Ecosystem of the Train

Posted by Kate Strathmann • Thursday, July 1. 2010 • Category: Crossing Cultures
I recently found myself on a cross-country, East to Left coast, train adventure on Amtrak, the national railway company in the United States. We were a group of twenty like-minded artists, journeying to a conference together and intent on spending three days talking, ideating, and drinking whiskey together. Amtrak is the transportation of Amish families who eschew automobiles, elderly couples, and young vagabonds; there’s a curiosity surrounding train travel in the United States. How quaint and old fashioned (!), we think. One of my artist companions fully expected chandeliers and an elegant service in the dining car for dinner and was disappointed when Tony, the waiter, shouted the dessert options to the entire car en-masse between off-key snippets of Elvis tunes. It was a disappointing and high-priced meal, with an atmosphere only notable for its similarity to crass and cheap small-town diners. (I should note that seven of us, gratefully not including myself, fell ill after this meal; apparently a lack of sanitation standards for train food is an international phenomenon).

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We mostly carried our own food aboard: bread and peanut butter, granola, and many, many bottles of whiskey and wine. I found myself feeling nostalgia for train rides in India - for the Indian aunties carrying their tiffins of home-cooked food, bundles of chapattis; or seasonal fruit purchased through the barred windows of the car. Green guava, quickly sliced and sprinkled with brown salt, delivered in the ubiquitous recycled newspaper bags of Indian street-food vendors, and so many tiny bananas.


I love train travel above almost any other form of transportation, mostly because time unfolds in an alternative universe of its own nonsensical devising. The gentle rocking and the endless, often monotonous, scenery moving past the window; minutes stretch out into hours and hours compress into minutes seemingly at random. As the extraordinary writer Pico Iyer notes, the root of the word “ecstasy” is “ex-stasis”; revelation and peak experiences arise when we are not stationary. To be moved, in the literal and emotive sense of the phrase, becomes the goal of travel.

The United States and India both share the distinction of being countries of vast space and radically varied landscape and climate. There are ways to experience these shifts in scale at rapid-speed and a bird’s eye view (and, believe me, flying into Kathmandu for the first time, the whole of the Himalayas framed in the porthole window, will stop your breath), but commercial airline travel often feels like email: functional, instant, perfunctory. Train travel is handwritten letters; intimate communications, thoughtfully penned, and delivered in envelopes bearing the marks and creases of a journey across vast distance.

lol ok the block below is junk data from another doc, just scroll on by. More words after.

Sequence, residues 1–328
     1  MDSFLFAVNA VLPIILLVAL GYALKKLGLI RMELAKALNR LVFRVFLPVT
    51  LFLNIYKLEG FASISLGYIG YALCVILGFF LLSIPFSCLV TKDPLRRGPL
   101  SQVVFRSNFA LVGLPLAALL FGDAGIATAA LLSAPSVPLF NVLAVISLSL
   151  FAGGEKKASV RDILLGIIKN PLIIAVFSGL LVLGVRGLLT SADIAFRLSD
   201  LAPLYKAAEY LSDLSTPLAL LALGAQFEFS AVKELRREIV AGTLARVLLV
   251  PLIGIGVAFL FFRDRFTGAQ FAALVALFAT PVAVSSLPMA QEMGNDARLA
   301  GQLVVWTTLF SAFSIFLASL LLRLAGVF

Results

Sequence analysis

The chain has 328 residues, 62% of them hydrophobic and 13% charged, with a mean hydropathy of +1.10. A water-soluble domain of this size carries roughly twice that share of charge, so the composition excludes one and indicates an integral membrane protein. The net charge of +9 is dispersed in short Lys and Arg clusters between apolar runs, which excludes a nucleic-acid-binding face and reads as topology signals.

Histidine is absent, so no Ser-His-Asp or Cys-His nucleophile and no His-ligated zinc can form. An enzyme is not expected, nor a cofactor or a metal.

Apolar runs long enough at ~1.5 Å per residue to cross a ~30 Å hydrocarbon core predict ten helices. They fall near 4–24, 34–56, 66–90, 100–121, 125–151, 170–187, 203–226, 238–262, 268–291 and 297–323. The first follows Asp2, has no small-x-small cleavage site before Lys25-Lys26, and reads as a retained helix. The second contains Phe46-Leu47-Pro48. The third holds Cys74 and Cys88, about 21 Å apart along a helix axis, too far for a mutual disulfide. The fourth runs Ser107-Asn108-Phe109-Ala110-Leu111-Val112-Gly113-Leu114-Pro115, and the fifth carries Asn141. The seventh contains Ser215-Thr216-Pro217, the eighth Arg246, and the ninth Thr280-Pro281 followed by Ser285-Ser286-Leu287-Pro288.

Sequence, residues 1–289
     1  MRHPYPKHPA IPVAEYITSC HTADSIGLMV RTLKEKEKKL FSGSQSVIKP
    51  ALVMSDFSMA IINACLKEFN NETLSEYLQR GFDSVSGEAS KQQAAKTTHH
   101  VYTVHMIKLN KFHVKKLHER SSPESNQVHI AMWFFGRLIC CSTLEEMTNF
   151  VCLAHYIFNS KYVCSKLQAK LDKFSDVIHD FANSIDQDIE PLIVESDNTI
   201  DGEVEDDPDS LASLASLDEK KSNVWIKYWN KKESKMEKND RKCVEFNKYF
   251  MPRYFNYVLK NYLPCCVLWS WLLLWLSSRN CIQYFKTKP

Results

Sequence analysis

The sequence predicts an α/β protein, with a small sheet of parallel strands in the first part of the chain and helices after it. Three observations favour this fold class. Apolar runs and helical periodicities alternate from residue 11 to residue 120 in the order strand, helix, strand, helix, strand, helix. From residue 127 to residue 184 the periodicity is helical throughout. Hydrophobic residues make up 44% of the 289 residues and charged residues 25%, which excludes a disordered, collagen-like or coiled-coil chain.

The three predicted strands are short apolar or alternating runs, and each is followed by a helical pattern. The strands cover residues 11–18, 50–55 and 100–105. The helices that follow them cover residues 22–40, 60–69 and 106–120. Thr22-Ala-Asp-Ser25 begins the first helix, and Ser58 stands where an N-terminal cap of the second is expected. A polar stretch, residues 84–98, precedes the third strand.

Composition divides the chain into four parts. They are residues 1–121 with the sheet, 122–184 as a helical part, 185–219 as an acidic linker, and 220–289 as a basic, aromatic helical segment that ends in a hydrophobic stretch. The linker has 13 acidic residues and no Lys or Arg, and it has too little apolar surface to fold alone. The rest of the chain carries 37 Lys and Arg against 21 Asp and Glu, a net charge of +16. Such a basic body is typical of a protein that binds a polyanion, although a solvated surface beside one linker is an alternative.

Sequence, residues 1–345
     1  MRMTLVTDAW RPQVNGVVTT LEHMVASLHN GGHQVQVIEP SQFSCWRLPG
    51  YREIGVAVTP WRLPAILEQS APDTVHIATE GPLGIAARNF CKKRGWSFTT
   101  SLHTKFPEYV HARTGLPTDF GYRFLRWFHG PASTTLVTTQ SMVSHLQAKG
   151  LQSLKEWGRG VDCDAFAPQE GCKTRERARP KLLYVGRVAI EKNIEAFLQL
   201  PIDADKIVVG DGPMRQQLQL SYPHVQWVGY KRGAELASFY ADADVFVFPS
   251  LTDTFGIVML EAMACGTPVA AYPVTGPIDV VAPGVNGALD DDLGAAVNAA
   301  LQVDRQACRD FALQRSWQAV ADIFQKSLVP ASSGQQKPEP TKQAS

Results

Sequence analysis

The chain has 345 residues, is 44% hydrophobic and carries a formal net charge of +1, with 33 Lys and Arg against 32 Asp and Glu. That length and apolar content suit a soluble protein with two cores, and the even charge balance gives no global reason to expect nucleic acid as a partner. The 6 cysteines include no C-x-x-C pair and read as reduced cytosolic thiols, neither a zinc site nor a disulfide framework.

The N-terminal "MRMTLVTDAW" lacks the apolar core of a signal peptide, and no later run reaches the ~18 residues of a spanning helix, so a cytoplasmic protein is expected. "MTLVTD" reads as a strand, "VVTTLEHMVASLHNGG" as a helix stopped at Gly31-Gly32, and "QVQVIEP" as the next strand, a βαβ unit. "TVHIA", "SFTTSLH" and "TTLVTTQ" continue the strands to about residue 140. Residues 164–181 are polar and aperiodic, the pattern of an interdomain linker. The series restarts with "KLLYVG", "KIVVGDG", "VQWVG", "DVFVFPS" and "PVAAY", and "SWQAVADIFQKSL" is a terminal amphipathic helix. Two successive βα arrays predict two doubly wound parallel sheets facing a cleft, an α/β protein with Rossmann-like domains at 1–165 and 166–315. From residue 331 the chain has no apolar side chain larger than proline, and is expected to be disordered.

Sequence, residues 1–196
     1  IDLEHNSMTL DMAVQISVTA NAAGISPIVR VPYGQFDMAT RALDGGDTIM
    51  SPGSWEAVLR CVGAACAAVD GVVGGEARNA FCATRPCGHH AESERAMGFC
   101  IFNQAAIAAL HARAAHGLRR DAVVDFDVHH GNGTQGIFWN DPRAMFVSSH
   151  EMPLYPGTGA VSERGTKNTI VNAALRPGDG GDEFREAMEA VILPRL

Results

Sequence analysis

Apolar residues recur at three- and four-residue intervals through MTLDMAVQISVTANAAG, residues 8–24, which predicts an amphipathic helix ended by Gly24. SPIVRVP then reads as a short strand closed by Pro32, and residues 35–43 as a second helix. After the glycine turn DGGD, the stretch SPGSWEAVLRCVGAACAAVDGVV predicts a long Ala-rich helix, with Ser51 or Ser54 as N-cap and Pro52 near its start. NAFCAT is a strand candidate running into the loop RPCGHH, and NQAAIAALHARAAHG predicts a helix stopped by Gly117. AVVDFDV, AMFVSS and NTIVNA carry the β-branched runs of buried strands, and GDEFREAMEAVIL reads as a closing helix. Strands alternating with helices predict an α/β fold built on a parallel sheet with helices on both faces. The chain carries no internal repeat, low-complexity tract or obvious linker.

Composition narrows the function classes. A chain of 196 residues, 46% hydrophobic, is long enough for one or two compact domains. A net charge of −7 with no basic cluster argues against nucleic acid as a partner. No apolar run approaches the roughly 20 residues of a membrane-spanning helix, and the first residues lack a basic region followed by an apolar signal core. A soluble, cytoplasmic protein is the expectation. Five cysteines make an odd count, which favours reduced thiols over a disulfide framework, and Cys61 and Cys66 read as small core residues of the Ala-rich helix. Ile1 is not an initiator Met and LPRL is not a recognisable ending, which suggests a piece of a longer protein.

To travel and live in India is to experience a freedom and responsibility of choice the sedentary Westerner has never imagined, where questions of personal safety and risk are generally left to the individual. On the Amtrak train, only the car attendant can open or touch the door; the drawn-faces of the smokers crowd into the entry space before every smoke break, like cattle waiting for release. My multi-day Amtrak train journey felt slightly empty without the awesome pleasure, often experienced traveling in India, of sitting in the open door of a car absorbed for hours into the passing landscape as if in a dervish’s trance. Sometimes, empowerment is knowing that if you lose your grip and fall off the train, it is your own damn fault and there would be no one to sue.

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As you move from East to West in the U.S., the sky expands, sneaking up on you gradually until the landscape seems made almost entirely of blue and clouds; the transition from the great plains to the awe-inspiring mountain ranges of the Western states is perhaps a little more sudden. In India, especially in the middle of the country, the landscapes shift less epically, but far more interesting are the subtle cultural shifts that occur. To fall asleep to the gentle rocking and incessant incantations of the tea-vendors (“Chay-ee, Chay-ee, Masala Chay-ee”), and awake the next morning, in the same country, to realize that the train-platform menu has changed completely overnight is to truly experience local food systems - to say nothing of the styles of saris and clothing of the families who patiently wait with their bundles of possessions and food on platforms across the nation.